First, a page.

Emerald Ash Borer Detected For The First Time

Emerald ash borer has been found on the campus of the University of Wisconsin-Eau Claire, the first time it has been seen in Eau Claire County, and the Wisconsin Department of Agriculture, Trade and Consumer Protection will quarantine the county as a result.

Department of Natural Resources staff collected larvae, or immature insects, on Nov. 27 from a tree on the campus. It had been heavily damaged by woodpeckers feeding on the larvae under the bark. City forestry staff also found several additional infested trees nearby. DATCP submitted samples to the USDA Animal and Plant Health Inspection Service for official confirmation.

For private citizens, the quarantine means that they cannot take firewood from quarantined counties to non-quarantined counties. For businesses handling wood products that could carry EAB, it means that they must work with DATCP to assure that their products are pest-free before shipping.

“Although we have now found EAB in 48 counties, much of the area in those counties remains uninfested. These scattered infestations are caused by human activity, not natural spread of the insect. So, it’s still important for people not to move firewood out of infested areas, even within their own quarantined counties,” said Brian Kuhn, director of the Plant Industry Bureau within DATCP.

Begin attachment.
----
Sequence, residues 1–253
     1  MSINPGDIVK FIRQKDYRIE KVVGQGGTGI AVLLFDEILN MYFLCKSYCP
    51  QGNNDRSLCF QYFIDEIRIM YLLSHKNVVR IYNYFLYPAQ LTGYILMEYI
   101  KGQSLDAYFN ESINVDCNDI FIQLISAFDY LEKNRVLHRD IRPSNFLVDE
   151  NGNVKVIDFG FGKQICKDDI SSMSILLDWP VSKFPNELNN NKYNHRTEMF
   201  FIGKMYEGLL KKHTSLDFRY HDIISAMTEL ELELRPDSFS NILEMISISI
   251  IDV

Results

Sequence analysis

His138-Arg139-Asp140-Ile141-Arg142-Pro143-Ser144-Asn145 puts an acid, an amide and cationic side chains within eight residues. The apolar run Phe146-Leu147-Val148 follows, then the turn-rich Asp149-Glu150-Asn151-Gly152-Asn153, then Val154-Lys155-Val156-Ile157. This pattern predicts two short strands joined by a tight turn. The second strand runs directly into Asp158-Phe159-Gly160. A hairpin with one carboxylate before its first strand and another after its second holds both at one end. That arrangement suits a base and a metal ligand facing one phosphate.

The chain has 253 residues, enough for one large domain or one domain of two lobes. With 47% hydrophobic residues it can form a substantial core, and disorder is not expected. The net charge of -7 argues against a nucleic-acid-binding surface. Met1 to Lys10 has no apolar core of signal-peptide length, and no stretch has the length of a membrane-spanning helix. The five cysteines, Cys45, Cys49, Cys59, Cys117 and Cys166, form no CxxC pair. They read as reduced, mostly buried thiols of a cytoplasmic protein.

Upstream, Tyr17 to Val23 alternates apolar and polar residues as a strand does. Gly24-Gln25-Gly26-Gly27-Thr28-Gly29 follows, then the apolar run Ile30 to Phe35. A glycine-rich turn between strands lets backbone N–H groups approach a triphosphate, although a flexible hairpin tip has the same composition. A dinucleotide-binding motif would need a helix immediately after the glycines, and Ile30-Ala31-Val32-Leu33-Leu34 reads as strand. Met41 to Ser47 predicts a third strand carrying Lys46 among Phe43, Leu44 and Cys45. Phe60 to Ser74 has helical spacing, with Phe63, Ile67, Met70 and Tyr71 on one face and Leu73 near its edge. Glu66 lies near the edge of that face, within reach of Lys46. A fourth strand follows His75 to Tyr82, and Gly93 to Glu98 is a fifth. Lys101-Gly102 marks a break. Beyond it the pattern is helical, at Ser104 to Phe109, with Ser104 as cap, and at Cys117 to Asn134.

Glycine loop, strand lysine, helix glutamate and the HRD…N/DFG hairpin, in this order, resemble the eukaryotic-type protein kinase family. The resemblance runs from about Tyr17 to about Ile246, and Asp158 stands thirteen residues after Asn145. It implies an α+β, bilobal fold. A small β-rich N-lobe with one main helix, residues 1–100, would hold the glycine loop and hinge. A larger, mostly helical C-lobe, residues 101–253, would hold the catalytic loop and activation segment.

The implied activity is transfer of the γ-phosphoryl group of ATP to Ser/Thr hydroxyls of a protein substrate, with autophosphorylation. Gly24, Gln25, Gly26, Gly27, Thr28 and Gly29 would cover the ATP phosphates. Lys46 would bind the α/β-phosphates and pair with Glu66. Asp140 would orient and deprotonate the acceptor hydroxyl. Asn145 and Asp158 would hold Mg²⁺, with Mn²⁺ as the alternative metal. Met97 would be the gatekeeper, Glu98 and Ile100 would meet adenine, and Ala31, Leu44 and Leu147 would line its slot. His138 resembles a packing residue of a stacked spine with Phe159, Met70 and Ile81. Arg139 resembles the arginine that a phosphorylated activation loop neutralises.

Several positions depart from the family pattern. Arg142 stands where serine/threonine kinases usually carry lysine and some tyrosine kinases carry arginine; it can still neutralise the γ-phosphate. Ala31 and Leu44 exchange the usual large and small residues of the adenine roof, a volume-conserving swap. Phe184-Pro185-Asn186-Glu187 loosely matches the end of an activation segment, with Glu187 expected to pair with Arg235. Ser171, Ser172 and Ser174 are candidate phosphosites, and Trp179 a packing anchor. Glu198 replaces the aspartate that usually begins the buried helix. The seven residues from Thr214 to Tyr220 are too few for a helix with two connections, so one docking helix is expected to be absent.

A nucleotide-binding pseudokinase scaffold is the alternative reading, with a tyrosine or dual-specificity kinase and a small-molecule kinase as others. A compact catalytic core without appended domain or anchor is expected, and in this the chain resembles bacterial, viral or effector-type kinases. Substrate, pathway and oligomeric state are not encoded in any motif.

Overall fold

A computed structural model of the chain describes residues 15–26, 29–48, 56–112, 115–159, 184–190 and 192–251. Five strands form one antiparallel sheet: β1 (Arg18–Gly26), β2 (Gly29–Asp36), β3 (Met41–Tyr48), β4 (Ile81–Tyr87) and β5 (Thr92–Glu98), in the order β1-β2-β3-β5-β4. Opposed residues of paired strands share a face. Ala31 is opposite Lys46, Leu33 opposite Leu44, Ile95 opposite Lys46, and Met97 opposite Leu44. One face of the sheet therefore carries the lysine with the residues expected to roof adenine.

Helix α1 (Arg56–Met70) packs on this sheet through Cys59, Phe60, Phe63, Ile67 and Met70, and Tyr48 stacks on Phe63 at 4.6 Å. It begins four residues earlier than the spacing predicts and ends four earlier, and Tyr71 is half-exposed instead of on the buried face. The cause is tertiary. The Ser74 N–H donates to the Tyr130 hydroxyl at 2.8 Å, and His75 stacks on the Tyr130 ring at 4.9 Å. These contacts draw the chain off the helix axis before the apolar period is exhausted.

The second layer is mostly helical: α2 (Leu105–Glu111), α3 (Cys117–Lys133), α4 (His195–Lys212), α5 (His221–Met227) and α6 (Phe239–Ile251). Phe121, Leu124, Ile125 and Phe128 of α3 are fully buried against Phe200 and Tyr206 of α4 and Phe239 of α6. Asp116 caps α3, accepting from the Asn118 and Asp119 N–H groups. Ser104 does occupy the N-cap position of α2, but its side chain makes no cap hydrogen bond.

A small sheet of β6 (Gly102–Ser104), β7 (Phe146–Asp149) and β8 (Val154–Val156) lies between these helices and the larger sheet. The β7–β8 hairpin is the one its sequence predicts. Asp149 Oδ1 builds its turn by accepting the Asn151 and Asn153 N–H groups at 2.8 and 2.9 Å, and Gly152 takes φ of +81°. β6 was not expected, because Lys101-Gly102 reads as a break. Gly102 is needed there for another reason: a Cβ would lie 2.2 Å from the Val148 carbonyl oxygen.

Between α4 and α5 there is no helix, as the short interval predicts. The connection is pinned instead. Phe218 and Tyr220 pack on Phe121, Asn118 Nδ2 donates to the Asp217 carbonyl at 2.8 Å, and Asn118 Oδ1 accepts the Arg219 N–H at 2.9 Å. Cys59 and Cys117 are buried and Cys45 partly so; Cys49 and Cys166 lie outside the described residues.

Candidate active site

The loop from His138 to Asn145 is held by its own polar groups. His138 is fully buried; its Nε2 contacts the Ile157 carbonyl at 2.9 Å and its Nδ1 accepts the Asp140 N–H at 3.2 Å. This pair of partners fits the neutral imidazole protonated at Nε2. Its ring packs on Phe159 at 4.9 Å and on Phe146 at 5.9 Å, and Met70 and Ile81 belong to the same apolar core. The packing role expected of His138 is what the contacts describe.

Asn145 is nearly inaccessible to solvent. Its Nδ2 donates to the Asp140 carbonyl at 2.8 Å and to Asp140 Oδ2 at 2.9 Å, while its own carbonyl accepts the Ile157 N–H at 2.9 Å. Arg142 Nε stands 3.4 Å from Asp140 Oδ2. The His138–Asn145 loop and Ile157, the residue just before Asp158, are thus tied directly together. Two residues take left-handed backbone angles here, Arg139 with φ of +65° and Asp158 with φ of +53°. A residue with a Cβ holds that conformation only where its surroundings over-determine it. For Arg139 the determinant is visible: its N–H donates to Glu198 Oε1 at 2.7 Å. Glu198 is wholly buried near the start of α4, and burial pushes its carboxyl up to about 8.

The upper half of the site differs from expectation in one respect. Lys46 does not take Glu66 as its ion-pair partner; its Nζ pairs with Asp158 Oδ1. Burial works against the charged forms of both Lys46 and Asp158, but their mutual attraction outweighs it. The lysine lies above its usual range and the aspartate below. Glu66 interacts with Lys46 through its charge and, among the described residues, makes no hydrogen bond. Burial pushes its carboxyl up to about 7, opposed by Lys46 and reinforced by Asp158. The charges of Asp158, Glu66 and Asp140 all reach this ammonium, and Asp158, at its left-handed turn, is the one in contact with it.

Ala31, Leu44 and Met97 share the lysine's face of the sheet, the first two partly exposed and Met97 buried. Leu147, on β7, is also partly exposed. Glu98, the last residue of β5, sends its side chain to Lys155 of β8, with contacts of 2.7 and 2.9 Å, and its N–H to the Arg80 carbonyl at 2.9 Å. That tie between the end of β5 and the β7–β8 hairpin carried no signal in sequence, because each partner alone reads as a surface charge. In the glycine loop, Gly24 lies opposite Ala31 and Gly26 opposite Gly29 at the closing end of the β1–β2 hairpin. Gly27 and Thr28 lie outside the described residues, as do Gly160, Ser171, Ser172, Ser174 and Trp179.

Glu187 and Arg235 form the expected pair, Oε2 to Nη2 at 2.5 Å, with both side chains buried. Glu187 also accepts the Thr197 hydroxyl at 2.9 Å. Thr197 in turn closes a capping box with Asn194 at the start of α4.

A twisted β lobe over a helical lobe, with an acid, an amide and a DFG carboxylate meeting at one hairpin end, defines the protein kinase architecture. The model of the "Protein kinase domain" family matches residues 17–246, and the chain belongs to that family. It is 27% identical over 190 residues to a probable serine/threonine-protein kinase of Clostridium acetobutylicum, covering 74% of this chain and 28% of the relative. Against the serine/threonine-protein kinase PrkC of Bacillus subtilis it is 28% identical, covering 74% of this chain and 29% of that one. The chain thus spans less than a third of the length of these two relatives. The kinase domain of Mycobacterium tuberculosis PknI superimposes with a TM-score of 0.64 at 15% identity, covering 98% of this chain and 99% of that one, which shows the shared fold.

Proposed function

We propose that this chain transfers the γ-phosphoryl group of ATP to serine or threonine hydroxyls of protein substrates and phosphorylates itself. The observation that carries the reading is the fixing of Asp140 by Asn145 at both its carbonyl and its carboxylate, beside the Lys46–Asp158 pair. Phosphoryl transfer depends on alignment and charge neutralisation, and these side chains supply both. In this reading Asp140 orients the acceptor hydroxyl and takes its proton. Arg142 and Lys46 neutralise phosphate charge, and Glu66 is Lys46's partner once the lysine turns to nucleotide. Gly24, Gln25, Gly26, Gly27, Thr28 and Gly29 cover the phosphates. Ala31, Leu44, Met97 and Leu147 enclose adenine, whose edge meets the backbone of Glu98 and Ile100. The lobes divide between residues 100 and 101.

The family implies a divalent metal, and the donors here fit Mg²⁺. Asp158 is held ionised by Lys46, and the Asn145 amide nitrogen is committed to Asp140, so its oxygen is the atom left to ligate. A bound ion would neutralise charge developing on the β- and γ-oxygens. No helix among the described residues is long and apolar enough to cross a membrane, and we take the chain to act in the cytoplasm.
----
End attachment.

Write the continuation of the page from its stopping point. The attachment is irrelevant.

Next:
That precaution can delay introduction to new areas of quarantined counties and give communities and property owners more time to prepare. It can also prevent moving other pests that might be hiding on or in firewood, such as gypsy moths or even pests that no one is yet aware of.

Kuhn recommends that property owners in quarantined counties:

  • Watch ash trees for signs of possible EAB infestation: Thinning in the canopy, D-shaped holes in the bark, new branches sprouting low on the trunk, cracked bark, and woodpeckers pulling at the bark to get to insect larvae beneath it. 
  • Consider preventive treatments if their property is within 15 miles of a known infestation. Whether to treat depends on several factors: the age of the trees, the size of the trees, and the number of trees. Treatment costs vary depending on size of the tree and whether you do the treatments yourself or hire a professional.
  • Consider planting different species of trees that are not susceptible to EAB.
  • Contact a professional arborist for expert advice, and visit emeraldashborer.wi.gov for detailed information. 

Emerald ash borer is native to China and probably entered the United States on packing material, showing up first in Michigan in 2002. It was found in Wisconsin in 2008 in Washington County. Eau Claire County joins 47 other Wisconsin counties where EAB has been found: Adams, Brown, Buffalo, Calumet, Chippewa, Columbia, Crawford, Dane, Dodge, Door, Douglas, Fond du Lac, Grant, Green, Green Lake, Iowa, Jackson, Jefferson, Juneau, Kenosha, La Crosse, Lafayette, Manitowoc, Marathon, Marinette, Marquette, Milwaukee, Monroe, Oneida, Outagamie, Ozaukee, Portage, Racine, Richland, Rock, Sauk, Sawyer, Sheboygan, Trempealeau, Vernon, Walworth, Washington, Waukesha, Waupaca, Waushara, Winnebago and Wood. Kewaunee County is also under quarantine because of the proximity of infestations in neighboring counties.